Dusty Cartridges: Pilotwings for the SNES

Today’s technology makes it relatively easy to put together a convincing flight simulator. The wealth of code that we’ve built up over the years has given us thousands of libraries to draw from as we attempt to simulate the complex physics of aerodynamics and the complicated and varied internal structures of the aircraft themselves. This wasn’t the case in the day of the Super Nintendo, when neither code nor hardware was complex enough to reach such heights.

But that didn’t stop developers from trying to put together the most convincing flight games they could. The one that’s always stuck in my mind with a clear display of the ‘realism’ video game aesthetic of the day - blue skies, blue water, palm trees, and upbeat elevator music - was Nintendo’s Pilotwings (1990).

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Loading up the game for the first time in a long time, I was stunned at how well it had aged. Of course, graphically it can't compare to the latest AAA definitely-not-just-a-shallow-tech-demo-this-time, and true aircraft-buffs will laugh at the technical simplicity, but I was amazed at how sophisticated the game felt. In the realm of 2D sprite-based games, Pilotwings hasn’t aged much at all. The game's physics were impressively advanced for its day, too, and it’s the attention to detail in modelling real-world motion that gives the game a level of challenge that still holds my attention today. 

Pilotwings looks lovely. Released in an age where 3D graphics were extremely basic - often solely consisting of untextured primitive shapes - Pilotwings used a combination of clever design and built-in SNES magic to create a visually stunning experience. This magic came in the form of Mode 7, a graphics mode that allowed the game’s background layer to be rotated and scaled to simulate a perspective effect. You can see this in games like Mario Kart (1992), or when viewing the map in The Legend of Zelda: A Link to the Past (1991).

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Only a single, planar background layer can be manipulated in this way, however, which means that the remainder of the game’s content has to be displayed as sprites which cannot be rotated or scaled. The lack of sprite scaling means that when sprites move towards or away from the player’s view they must be redrawn several times by the artists to describe this apparent change in size. Given artist workload and system limitations, those games that relied heavily on Mode 7 tended to feature only a small number of distance variants for each sprite. The result was that sprites would pop between these sizes as they came closer or retreated instead of smoothly growing larger or smaller. This is most visible in games like Mario Kart, where the sudden resizing of other racers can be somewhat disorienting when trying to maneuver around them.

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Pilotwings avoided this by keeping the player's sprite at a fixed distance from the player’s view, and by placing almost all of the game world on the faux-3D ground plane. In my recent play-through, the only sprites I saw were the green rings that players fly through during challenges and the little rising clouds that represent thermal updrafts. When combined with the beautiful design work on those few extant sprites, we have a gorgeous game with few graphical anomalies to pull us out of it.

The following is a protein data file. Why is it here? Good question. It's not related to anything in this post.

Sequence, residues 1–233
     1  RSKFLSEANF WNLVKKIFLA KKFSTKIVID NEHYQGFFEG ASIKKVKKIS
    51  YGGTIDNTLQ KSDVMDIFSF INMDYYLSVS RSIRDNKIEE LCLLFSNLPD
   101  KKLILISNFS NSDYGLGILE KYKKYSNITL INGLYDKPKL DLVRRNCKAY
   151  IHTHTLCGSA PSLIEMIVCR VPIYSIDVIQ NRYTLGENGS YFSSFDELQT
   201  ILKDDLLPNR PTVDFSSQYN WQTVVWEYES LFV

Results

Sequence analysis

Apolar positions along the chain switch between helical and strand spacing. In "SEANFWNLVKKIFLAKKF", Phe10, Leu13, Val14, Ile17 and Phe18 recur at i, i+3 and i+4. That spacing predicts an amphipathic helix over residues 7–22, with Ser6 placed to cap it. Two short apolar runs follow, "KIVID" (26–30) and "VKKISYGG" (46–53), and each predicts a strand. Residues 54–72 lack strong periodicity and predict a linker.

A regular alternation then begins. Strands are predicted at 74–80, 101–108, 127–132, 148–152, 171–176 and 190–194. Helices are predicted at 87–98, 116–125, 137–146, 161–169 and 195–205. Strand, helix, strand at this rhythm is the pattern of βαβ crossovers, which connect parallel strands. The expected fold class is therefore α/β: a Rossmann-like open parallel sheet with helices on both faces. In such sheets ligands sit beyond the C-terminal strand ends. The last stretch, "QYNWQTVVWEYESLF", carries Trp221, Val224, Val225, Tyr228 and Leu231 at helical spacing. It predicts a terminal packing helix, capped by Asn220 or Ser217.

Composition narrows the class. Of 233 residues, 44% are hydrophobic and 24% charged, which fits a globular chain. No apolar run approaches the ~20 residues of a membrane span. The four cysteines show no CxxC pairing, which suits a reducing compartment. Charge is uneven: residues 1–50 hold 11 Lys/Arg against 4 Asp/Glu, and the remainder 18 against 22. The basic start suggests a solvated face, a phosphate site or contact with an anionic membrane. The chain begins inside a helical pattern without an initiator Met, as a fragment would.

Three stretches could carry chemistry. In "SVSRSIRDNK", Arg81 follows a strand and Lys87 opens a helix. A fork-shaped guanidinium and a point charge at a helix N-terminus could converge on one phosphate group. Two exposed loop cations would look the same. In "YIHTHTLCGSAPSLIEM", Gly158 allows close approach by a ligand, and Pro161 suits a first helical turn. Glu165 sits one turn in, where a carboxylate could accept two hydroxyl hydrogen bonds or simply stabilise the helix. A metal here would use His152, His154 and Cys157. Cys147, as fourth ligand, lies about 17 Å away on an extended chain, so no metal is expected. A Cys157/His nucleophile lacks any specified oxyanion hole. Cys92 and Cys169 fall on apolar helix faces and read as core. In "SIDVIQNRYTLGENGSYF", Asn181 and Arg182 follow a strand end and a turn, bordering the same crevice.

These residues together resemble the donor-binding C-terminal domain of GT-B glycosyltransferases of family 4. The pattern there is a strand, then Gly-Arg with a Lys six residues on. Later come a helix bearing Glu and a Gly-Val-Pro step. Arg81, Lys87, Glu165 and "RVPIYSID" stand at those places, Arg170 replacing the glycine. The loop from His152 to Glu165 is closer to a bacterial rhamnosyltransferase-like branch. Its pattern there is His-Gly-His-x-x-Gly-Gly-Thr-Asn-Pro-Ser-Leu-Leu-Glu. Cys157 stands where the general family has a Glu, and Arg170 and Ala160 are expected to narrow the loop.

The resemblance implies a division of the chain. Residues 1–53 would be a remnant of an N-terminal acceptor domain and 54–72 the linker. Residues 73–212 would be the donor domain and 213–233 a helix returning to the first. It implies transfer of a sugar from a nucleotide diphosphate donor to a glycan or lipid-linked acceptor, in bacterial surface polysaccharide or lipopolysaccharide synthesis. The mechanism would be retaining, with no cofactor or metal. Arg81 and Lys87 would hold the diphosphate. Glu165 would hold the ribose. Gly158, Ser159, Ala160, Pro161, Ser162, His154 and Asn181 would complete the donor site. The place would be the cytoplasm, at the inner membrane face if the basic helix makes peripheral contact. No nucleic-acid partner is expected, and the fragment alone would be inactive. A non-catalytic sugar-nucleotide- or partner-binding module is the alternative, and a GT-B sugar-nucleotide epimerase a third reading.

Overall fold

I was likewise impressed by the physics system used for the game, which seemed to contain relatively accurate simulations for velocity, acceleration, and mass. I first noticed this in the Rocket Belt (jetpack) levels, where our horizontal motion can be likened to moving on a flat, frictionless plane. Where similar games with less of a focus on realism tend to allow players to stop and start and turn on a time, there’s a significant amount of inertia here. It becomes clear that if we want to finish the challenge with a good time, we have to learn how to drift, turning and firing the Rocket Belt at an angle perpendicular to our motion to create a new vector without requiring a complete stop.

The skydiving challenge was similarly well modeled. In this challenge we view our character from above, and can turn them left and right as well as spin them backwards and forwards in a somersault. The precise angle of our character relative to the plane of the ground results in forward or backward movement, as it would in real life. Falling speed also seems to increase as our character approaches vertical alignment, as air resistance is reduced. While there may be other examples of this elsewhere, I can’t recall another title that allows players this level of realistic free-falling interactivity. Ultimately, this touch of detail gives us a feeling of far greater control, allows us to fall in whatever style we prefer (even on our backs), and helps us to understand the physics of skydiving as well.

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Not every aspect of the game has as much polish as the above sections. The airplane challenges, for instance, don’t model aerodynamics with very much sophistication: the vehicle simply loses altitude when speed decreases beyond a set limit. But where the simulations fail, the abstracted control systems tend to do an adequate job of letting players control the craft in a logical way that still feels very organic and fluid. Unlike many other titles of the time, success in Pilotwings is far less about working to understand and exploit an abstracted system that bears little resemblance to a real-world counterpart, and more about developing an understanding of how the physics of the various vehicles work - and I’d argue this makes for a very stimulating, challenging, and satisfying experience.